GMRfellowtraveller

Well-known member
Joined
Sep 28, 2019
Messages
1,122
Reaction score
1,455
Age
54
Location
new orleans
Offline
Yeah, that it's part of an overall coordinated effort to suppress minorities, I can buy that. I was just thinking purely from a numbers standpoint.

7-20 million people without an ID seems awfully high, but if those are the numbers, then more effort needs to be made to get everyone supplied with an ID. I do think a good percentage are people who voluntarily don't obtain an ID. But that's probably a small sunset of the overall numbers.

That said, what can we do to make sure votes are valid and cast once, in addition to being fully accessible and open to everyone eligible to vote?
“Purely from a numbers standpoint” is separating it from the context of its intent
 

brandon

Well-known member
Joined
May 17, 2019
Messages
1,177
Reaction score
2,119
Online
I'm curious how big an issue that actually is. Do that many minorities not have IDs? I mean, I would think the percentage has to be pretty small. I haven't read any in-depth research on how many people don't actually have IDs though.
If it weren’t significant enough to matter, do you think Republicans would be so adamant that it be implemented?
 

V Chip

Truth Addict
Joined
May 17, 2019
Messages
858
Reaction score
1,512
Age
53
Location
Outside Atlanta
Online
I even saw where some state had proposed making it illegal to offer people waiting in line to vote some water. I sure hope that didn’t pass and no, I don’t remember where that I saw it or which state.
It’s Georgia. 🤦🏼‍♂️
 

V Chip

Truth Addict
Joined
May 17, 2019
Messages
858
Reaction score
1,512
Age
53
Location
Outside Atlanta
Online
That said, what can we do to make sure votes are valid and cast once, in addition to being fully accessible and open to everyone eligible to vote?
I suggested a fairly easy way a long time ago on the PDB. For anyone voting in person without a picture voter ID, validate their eligibility at the polls as normal. Let them cast their vote. Take a picture right there at the polls, then send them their free voter id in the mail after the election that they can use in the next election. A person gets 2 or 3 votes without voter ID before their vote becomes provisional (meaning it’s possible to send them 2 or 3 voter ID cards before they are required to have one).

Easy, cheap, accessible, and it doesn’t cost anything for the voter nor does it suppress their vote.
 

DaveXA

Well-known member
Joined
Oct 6, 2018
Messages
2,575
Reaction score
1,873
Location
Vienna, VA (via Lafayette)
Offline
I suggested a fairly easy way a long time ago on the PDB. For anyone voting in person without a picture voter ID, validate their eligibility at the polls as normal. Let them cast their vote. Take a picture right there at the polls, then send them their free voter id in the mail after the election that they can use in the next election. A person gets 2 or 3 votes without voter ID before their vote becomes provisional (meaning it’s possible to send them 2 or 3 voter ID cards before they are required to have one).

Easy, cheap, accessible, and it doesn’t cost anything for the voter nor does it suppress their vote.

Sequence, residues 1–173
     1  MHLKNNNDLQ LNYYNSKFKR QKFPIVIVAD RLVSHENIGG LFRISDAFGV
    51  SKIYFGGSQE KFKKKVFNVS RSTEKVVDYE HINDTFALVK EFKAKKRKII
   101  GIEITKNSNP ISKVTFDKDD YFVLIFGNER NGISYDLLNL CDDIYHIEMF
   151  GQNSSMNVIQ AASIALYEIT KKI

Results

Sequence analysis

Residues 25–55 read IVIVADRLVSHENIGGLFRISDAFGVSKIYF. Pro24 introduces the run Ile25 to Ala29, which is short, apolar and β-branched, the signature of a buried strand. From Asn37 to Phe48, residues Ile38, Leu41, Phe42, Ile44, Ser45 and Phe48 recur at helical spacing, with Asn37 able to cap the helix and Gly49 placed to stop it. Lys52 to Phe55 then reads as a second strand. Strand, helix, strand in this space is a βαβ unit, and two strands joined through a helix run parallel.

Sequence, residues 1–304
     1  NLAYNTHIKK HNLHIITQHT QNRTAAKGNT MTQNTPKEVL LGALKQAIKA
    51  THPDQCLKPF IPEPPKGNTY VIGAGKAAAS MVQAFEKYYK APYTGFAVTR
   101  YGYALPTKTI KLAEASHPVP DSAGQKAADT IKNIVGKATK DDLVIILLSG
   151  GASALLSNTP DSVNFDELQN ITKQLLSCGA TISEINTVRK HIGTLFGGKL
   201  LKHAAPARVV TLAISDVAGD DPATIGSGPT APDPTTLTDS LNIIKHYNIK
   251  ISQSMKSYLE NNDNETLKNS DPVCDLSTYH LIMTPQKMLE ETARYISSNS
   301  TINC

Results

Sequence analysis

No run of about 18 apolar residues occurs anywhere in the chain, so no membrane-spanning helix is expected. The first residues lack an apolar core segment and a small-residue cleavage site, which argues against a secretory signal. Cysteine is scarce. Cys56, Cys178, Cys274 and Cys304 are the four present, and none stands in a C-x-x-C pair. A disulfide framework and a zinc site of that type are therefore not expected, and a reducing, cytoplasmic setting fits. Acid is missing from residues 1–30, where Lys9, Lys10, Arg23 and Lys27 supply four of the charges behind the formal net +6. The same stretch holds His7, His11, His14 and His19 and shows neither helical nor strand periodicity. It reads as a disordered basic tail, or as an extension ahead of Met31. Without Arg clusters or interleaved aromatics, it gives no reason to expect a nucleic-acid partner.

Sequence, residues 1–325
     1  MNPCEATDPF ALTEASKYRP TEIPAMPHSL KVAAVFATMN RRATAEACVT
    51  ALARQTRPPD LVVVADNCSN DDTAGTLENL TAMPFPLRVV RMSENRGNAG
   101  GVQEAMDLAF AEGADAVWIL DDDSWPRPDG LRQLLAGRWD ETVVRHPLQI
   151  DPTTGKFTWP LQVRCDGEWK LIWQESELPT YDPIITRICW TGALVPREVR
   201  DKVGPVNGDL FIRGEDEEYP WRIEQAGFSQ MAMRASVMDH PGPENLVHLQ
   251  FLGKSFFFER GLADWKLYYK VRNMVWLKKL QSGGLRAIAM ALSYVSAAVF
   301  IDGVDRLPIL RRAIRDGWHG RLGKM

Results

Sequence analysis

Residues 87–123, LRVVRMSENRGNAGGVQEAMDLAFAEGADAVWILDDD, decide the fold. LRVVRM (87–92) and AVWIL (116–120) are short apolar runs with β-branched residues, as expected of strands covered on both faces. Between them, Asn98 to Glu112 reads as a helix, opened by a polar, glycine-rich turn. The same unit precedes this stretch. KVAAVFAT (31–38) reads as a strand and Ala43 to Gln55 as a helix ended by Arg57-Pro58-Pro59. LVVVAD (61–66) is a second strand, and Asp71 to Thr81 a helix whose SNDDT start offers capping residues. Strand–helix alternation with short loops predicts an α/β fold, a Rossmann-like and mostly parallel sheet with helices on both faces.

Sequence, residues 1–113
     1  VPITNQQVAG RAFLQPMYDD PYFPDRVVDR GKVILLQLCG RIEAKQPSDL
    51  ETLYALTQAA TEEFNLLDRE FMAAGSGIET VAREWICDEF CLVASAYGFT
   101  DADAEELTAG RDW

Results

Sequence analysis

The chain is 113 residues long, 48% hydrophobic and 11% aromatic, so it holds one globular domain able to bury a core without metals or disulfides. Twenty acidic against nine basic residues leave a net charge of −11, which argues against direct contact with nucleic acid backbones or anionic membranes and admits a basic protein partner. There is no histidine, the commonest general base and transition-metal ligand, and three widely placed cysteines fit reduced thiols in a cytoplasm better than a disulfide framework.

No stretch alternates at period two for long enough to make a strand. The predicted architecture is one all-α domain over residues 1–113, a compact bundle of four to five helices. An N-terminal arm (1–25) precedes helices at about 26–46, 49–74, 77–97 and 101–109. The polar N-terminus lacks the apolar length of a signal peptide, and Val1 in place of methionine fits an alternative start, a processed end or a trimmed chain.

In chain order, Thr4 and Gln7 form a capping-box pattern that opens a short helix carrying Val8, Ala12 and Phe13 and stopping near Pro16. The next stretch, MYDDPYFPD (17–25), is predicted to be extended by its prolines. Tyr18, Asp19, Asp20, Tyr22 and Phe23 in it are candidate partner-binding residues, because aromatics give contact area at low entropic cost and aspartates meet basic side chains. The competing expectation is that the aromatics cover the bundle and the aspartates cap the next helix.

I'm open to that.
 
OP
Farb

Farb

Mostly Peaceful Poster
Joined
Oct 1, 2019
Messages
1,621
Reaction score
1,013
Age
46
Location
Mobile
Offline
I suggested a fairly easy way a long time ago on the PDB. For anyone voting in person without a picture voter ID, validate their eligibility at the polls as normal. Let them cast their vote. Take a picture right there at the polls, then send them their free voter id in the mail after the election that they can use in the next election. A person gets 2 or 3 votes without voter ID before their vote becomes provisional (meaning it’s possible to send them 2 or 3 voter ID cards before they are required to have one).

Easy, cheap, accessible, and it doesn’t cost anything for the voter nor does it suppress their vote.
I don't hate it. Not at all. I think that would be something. The only change I propose is that the citizen has 1 vote without an ID (that vote being the the one that the process to send them a ID in the mail) and that vote only, obviously, applies to in-person voting. After they receive their ID they can then apply for a validated mail-in if desired.
 

brandon

Well-known member
Joined
May 17, 2019
Messages
1,177
Reaction score
2,119
Online
I don't hate it. Not at all. I think that would be something. The only change I propose is that the citizen has 1 vote without an ID (that vote being the the one that the process to send them a ID in the mail) and that vote only, obviously, applies to in-person voting. After they receive their ID they can then apply for a validated mail-in if desired.
And that's the rub. This sort of proposal, while everyone would agree is sensible and would work for increasing election security and protecting the right to vote, will never happen, because it doesn't satisfy the intended goal of VoterID legislation, which is specifically to reduce minority turnout. Republicans have frequently admitted as much.

 

Create an account or login to comment

You must be a member in order to leave a comment

Create account

Create an account on our community. It's easy!

Log in

Already have an account? Log in here.

< Previous | Next >

Users Who Are Viewing This Thread (Users: 0, Guests: 1)

Advertisement

General News Feed

Fact Checkers News Feed

Sponsored

Top Bottom